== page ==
Doug then appointed one of his sons to the hot seat. Brian Little duly brought us another League Cup win in 1996 and we finished much nearer to the top of the league than the bottom while he was in charge, but after well over three years the pressure finally got to him and he resigned in February 1998.
John Gregory was amazed to be the next to get the call from Doug, as we all were. He had previously impressed in a coaching role at Villa, but Doug was keener to employ another of his sons than follow the trend and employ an expensive top continental manager. John lasted almost three years, took us to Wembley for the FA Cup final in 2000 and, yes, he brought us the Intertoto cup in 2001. He also kept us well in the top half of the Premier League and gave us some much needed amusement by telling Doug he was stuck in a time warp before he resigned in January 2002.
Graham Taylor was foolish enough to agree to come back and do a second stint from February 2002, but by now the writing was on the wall that Villa would not compete successfully with the big spenders while Doug remained in charge, so Graham threw in the towel in May 2003. David O’Leary was Doug’s final victim and he stayed for over three years. He started with a sixth place finish but was unable to improve on that, which possibly had less to do with his managerial abilities than Doug’s firm hold on the purse strings. He didn’t help his legacy by describing the fans as fickle and received the guided tour of the roses in July 2006.
Martin O’Neill became the first manager of the Randy Lerner era. He was already highly regarded and kept Villa in the top six during his four years in charge before he walked out without being able to engineer a breakthrough into the Champions’ League places. Gerard Houllier was a high profile replacement but only stayed for nine months before health problems forced him to step down. His replacement was Alex McLeish, a controversial appointment because of his time at St Andrews, and he stayed for slightly under a year without being able to make much of an impression on the league table.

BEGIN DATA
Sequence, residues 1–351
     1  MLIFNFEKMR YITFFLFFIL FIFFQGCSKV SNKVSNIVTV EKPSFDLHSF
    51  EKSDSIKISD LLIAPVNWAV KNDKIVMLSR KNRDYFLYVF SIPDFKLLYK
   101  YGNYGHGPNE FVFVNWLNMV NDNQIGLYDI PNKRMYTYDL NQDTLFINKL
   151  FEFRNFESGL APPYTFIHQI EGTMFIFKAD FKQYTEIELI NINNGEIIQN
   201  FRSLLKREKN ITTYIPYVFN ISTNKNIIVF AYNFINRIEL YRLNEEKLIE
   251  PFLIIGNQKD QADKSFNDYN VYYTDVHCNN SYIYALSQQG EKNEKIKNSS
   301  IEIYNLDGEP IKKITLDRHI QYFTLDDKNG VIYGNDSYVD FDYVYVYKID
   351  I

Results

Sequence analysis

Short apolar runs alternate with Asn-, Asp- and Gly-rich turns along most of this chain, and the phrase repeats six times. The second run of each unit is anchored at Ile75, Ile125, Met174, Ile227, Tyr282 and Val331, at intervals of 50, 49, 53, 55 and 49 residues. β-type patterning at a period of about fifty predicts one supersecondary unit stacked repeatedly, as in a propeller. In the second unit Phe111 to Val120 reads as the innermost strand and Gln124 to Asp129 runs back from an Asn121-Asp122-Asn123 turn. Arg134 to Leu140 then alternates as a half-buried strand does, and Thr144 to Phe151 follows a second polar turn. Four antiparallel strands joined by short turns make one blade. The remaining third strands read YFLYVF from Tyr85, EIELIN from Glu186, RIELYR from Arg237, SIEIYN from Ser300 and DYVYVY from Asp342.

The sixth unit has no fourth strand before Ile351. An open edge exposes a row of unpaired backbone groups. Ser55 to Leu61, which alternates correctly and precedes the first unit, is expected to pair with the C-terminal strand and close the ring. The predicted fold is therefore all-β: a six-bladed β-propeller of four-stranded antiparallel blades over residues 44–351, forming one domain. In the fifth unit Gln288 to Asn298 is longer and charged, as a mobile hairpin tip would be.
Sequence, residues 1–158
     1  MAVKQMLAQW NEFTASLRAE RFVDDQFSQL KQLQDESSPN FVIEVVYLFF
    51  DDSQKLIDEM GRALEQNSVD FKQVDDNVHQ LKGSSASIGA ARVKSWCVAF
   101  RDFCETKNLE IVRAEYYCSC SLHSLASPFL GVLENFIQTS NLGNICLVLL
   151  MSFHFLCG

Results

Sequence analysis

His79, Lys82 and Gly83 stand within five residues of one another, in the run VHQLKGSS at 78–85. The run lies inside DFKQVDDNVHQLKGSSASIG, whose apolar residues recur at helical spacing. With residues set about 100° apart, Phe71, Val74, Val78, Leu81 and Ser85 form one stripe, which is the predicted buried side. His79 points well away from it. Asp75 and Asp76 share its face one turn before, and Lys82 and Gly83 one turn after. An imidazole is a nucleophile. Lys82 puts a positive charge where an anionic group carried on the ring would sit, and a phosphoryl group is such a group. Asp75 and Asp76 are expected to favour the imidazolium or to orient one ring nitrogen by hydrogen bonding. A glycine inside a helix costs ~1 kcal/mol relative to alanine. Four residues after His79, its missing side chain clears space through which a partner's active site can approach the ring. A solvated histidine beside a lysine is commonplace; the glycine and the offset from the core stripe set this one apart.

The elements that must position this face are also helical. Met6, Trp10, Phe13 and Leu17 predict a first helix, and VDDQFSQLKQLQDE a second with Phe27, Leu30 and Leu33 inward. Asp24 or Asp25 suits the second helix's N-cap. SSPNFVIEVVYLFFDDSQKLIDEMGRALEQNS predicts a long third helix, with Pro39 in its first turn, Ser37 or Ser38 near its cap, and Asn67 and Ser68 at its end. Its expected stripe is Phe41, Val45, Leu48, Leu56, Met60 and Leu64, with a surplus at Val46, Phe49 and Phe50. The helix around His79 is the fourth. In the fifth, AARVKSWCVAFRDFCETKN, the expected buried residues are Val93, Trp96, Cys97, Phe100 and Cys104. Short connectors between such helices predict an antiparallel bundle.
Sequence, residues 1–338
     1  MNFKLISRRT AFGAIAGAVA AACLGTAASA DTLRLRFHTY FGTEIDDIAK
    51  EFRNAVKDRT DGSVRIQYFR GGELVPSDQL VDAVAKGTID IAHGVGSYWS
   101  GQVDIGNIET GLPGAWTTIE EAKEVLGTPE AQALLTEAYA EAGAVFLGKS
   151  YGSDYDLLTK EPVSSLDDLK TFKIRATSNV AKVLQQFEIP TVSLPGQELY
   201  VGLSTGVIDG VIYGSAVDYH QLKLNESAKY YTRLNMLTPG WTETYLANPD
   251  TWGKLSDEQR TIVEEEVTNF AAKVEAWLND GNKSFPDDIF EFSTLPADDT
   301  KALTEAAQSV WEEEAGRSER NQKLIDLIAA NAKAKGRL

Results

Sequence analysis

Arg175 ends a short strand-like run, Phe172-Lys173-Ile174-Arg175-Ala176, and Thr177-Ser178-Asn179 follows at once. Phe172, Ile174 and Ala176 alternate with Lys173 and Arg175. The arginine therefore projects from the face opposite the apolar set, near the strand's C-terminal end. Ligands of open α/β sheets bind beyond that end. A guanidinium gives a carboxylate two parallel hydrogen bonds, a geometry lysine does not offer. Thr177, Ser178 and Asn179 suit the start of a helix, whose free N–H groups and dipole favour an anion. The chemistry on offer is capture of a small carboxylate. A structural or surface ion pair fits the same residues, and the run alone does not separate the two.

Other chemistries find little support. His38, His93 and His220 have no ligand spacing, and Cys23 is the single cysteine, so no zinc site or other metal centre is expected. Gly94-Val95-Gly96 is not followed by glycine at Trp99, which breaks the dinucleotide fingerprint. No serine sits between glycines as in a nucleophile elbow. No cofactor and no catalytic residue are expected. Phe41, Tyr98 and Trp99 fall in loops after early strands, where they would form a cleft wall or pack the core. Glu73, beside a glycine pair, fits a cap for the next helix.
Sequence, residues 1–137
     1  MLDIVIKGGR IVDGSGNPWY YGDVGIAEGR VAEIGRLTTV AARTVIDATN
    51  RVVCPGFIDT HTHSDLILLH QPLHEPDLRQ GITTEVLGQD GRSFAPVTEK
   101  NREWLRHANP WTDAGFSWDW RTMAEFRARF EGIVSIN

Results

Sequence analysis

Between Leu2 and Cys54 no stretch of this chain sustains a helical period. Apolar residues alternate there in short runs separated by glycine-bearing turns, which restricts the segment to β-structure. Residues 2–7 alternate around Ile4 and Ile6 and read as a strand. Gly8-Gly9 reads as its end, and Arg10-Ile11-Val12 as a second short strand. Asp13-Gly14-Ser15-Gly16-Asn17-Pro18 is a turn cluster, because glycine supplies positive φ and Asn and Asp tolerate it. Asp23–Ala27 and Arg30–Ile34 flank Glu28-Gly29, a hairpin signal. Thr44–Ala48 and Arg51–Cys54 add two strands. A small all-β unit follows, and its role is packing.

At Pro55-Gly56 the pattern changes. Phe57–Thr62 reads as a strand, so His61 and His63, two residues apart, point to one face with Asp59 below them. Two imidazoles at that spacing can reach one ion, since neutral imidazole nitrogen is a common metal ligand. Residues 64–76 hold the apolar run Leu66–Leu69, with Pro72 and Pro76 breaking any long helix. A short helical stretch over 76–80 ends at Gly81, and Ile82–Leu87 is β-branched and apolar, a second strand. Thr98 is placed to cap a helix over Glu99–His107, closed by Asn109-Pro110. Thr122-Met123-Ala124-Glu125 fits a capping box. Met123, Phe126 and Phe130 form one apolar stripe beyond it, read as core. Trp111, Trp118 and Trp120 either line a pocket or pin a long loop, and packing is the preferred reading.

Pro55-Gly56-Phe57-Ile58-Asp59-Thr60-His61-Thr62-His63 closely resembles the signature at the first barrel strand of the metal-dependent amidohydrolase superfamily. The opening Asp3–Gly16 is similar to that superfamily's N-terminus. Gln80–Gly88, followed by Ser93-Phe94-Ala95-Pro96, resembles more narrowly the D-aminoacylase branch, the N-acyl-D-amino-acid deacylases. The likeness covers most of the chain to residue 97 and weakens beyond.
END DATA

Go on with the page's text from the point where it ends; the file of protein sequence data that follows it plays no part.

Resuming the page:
Paul Lambert arrived in July 2012 after experiencing outstanding success at his previous clubs, but his tenure of almost three years saw him unable to halt Villa’s gradual decline into the bottom half of the table. He hasn’t done a lot since either, so there doesn’t seem to be much justification for him to shoot his mouth off about Steven Gerrard’s career move. Tim Sherwood lasted only eight months from February 2015 and was widely perceived by the fans as a Cockney chancer. Remi Garde’s tenure was even shorter, at just four months before he was put out of his misery.
By this time we had a new owner, Tony Xia, and he appointed Roberto di Matteo as manager in July 2016. That turned out to be another four month mistake and Steve Bruce took over the hot seat in October 2016. During the two years before new owners Sawiris and Edens replaced him he was at least successful in stopping the rot which threatened to take Villa out of the Championship and even further down the leagues. Dean Smith was our last manager, appointed in October 2018, and let us hope that the decision to remove him this month turns out to have been the right one.
So I make it that Villa have had twenty-six managers since my Dad first took me along all those years ago and found me a spot on the Holte where I could stand and watch the match over everybody’s heads. Steven Gerrard is the 27th. Of that lot I would say only two have been real successes, Ron Saunders and Graham Taylor in his first spell which ended with him being poached for the England job. Nine have departed with, in my view, at least as high a profile as when they arrived: Joe Mercer, Vic Crowe, Tony Barton, Ron Atkinson, Brian Little, John Gregory, Martin O’Neill, Steve Bruce (whatever the fans may have thought of his final months in charge) and of course Dean Smith. That leaves fifteen managers out of twenty-six for whom the Villa job was probably not career-enhancing, so you can perhaps see where my cynicism come from.
I haven’t said much about the owners, and of course they are a major factor in a manager’s success or otherwise. If the budget is not available to allow him to compete properly or if owners interfere in his work, the manager is most unlikely to be successful. A good example is Doug’s tenure, especially during the Premier League years. A retired Birmingham travel agent was unlikely to be able to compete financially with the kleptocrats and money launderers who were increasingly becoming involved in the Greed League. At least Doug wasn’t involved in any human rights scandals, as far as we know.
Steven Gerrard is therefore luckier than many of his predecessors. Doug has long gone, as have his incompetent successors as owners, and we now have ambitious owners who seem to know what they are doing and are willing and able to provide financial support. So good luck Steven. Villa are overdue a real success story; please bring us one.